Today’s graduates face the toughest job market in 10 years. Many of their peers, only a few years older, who just started their careers, are now back on the job hunt with few prospects. There is a highly competitive pool of applicants for companies that aren’t hiring. What options do these bright, young, ambitious people have? To wait for the economy to recover and recruiters to come knocking? Or to take that ambition and passion and turn it into something tangible? Now is the time to become an entrepreneur — take that drive and start realizing dreams.
In Young Guns: The Fearless Entrepreneur’s Guide to Chasing Your Dreams and Breaking Out on Your Own (AMACOM, 2009), Tuchman shows professionals that they can start and succeed in their own business with examples of many entrepreneurs under the age of 35. He believes that there is no better time to take a chance than when people are youthful, bold and have very little to lose—and he knows from experience.
When Tuchman graduated from college, he was quickly forced to abandon his dream of becoming a sportswriter. Eventually he accepted a position as a stockbroker trainee, but soon realized that he was completely unfulfilled in his new job. There had to be something better. Tired of working at a job with little prospect of advancement, he formed his own company, Tuchman Sports Enterprises (TSE). Within two years of working out of his tiny one-bedroom Upper East Side Manhattan apartment, with one phone and a fax machine, his company was named to the annual Inc. 500 list of America's fastest growing privately held companies and as one of the top 100 promotion agencies by Promo Magazine. He started TSE with no money and no investors and ended up selling it for millions of dollars to a major firm. Last year TSE earned more than $70 million dollars in sales.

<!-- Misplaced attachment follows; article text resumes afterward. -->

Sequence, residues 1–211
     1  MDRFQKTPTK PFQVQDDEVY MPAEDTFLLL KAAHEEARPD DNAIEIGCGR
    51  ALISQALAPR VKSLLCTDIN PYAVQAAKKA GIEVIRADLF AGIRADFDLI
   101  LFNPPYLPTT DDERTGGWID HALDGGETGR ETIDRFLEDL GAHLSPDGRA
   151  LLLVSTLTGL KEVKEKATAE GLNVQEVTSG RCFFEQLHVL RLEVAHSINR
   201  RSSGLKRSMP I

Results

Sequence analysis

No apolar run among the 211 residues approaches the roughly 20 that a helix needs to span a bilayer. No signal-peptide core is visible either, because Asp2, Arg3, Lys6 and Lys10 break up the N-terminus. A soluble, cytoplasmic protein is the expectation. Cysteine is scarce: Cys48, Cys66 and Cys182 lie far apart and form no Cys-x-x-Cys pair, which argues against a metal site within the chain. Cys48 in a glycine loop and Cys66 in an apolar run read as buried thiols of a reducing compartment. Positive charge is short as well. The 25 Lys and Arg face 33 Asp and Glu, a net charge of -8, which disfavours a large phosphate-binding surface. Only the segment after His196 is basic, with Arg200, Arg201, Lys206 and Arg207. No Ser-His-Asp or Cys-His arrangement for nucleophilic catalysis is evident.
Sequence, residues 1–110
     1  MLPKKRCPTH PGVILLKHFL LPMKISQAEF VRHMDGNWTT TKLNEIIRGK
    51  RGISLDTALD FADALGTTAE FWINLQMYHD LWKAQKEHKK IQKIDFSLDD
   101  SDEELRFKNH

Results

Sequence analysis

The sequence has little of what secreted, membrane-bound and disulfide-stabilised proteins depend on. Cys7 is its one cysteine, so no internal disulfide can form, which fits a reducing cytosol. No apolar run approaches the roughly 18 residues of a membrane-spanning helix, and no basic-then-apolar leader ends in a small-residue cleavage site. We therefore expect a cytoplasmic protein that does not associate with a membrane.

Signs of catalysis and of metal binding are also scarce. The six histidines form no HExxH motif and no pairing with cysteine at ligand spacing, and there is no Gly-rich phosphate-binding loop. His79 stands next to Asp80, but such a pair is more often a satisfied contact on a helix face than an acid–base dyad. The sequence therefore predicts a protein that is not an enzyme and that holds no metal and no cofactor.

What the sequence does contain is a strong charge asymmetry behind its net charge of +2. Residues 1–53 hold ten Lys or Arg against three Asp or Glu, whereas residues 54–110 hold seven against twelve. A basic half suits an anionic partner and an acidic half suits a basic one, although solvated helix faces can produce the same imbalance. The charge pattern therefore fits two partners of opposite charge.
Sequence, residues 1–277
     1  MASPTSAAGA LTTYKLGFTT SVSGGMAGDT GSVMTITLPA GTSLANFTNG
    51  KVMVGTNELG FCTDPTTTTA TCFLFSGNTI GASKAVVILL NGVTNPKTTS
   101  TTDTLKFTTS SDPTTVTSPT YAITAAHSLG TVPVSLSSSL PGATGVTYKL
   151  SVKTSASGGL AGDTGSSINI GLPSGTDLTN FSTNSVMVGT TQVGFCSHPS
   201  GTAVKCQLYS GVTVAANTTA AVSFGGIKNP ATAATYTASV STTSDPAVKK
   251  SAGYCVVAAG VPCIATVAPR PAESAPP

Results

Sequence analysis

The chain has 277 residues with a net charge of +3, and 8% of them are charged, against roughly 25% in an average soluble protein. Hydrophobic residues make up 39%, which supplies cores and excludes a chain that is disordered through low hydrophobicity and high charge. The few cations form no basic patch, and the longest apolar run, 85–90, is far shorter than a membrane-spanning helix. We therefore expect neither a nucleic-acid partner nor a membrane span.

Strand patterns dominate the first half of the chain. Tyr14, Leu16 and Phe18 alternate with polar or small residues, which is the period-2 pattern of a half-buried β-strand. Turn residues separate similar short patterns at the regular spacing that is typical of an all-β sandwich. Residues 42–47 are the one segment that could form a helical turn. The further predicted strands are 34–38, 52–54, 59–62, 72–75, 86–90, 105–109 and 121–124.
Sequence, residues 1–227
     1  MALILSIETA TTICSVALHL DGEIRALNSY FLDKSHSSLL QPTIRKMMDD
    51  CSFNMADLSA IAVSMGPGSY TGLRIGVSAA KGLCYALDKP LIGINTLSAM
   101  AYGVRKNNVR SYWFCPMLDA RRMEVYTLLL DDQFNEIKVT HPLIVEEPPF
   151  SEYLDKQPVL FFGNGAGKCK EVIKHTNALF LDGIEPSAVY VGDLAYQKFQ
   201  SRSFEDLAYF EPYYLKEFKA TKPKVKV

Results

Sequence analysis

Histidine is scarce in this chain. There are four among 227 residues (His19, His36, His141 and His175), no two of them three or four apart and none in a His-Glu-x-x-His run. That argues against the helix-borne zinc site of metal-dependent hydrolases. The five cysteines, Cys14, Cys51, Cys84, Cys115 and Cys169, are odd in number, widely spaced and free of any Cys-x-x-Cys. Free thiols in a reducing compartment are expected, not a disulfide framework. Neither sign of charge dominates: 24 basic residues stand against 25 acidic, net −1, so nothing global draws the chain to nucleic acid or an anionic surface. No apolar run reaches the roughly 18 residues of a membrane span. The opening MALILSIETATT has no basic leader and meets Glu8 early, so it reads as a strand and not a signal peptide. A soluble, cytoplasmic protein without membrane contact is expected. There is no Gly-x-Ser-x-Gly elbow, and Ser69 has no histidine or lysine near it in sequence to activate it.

In Young Guns, Tuchman shares strategies with readers on how to get the business up and running, and staying strong for years to come:
* Ask who is the company is helping. The business needs a purpose, which means it needs a customer. Entrepreneurs need to always keep in mind that they are selling to someone.
* Start a business plan, even if not completely ready. Whether the business plan is on a napkin or a 50 page document, it needs to get started. Plans can be readjusted, but as long as the basic vision is there, the company can move forward.
* Market yourself and your company. Talk to anyone and everyone about the business because even if they are not the customer, they may meet someone who will be. Make any and all connections and cultivate a company personality as an extension of the owner's own.
* Sell light and perform heavy. Promise customers what the company can deliver (be honest!) and then strive to do more. People remember it when expectations are excceded and this will get more business in future.
* Learn from failures. The entrepreneur or someone on the team will fail occasionally. No one’s perfect. The best thing to do is step back and learn from these mistakes. The company will come back stronger each time because of them.
Tuchman also provides “reality checks” throughout the book to make sure the entrepreneur is on the right track. People may have all the training and read every business book, but it all comes down to their gut. Tuchman believes that now has never been a better time for entrepreneurs to listen to their gut and chase their dreams.